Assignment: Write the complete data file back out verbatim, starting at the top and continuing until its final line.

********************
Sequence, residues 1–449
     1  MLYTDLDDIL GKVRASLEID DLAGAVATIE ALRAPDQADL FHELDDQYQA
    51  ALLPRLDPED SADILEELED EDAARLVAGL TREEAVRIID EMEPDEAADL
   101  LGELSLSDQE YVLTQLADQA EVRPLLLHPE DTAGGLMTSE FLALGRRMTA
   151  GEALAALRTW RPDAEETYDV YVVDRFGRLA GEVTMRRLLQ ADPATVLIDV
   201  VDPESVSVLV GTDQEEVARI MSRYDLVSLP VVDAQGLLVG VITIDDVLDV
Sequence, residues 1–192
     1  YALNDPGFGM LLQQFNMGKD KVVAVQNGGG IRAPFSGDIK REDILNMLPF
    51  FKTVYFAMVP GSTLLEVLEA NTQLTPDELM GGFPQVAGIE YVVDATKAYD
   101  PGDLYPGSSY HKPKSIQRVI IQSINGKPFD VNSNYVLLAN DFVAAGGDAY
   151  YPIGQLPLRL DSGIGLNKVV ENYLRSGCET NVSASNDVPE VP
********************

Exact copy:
Sequence, residues 1–449
     1  MLYTDLDDIL GKVRASLEID DLAGAVATIE ALRAPDQADL FHELDDQYQA
    51  ALLPRLDPED SADILEELED EDAARLVAGL TREEAVRIID EMEPDEAADL
   101  LGELSLSDQE YVLTQLADQA EVRPLLLHPE DTAGGLMTSE FLALGRRMTA
   151  GEALAALRTW RPDAEETYDV YVVDRFGRLA GEVTMRRLLQ ADPATVLIDV
   201  VDPESVSVLV GTDQEEVARI MSRYDLVSLP VVDAQGLLVG VITIDDVLDV
Sequence, residues 1–192
     1  YALNDPGFGM LLQQFNMGKD KVVAVQNGGG IRAPFSGDIK REDILNMLPF
    51  FKTVYFAMVP GSTLLEVLEA NTQLTPDELM GGFPQVAGIE YVVDATKAYD
   101  PGDLYPGSSY HKPKSIQRVI IQSINGKPFD VNSNYVLLAN DFVAAGGDAY
   151  YPIGQLPLRL DSGIGLNKVV ENYLRSGCET NVSASNDVPE VP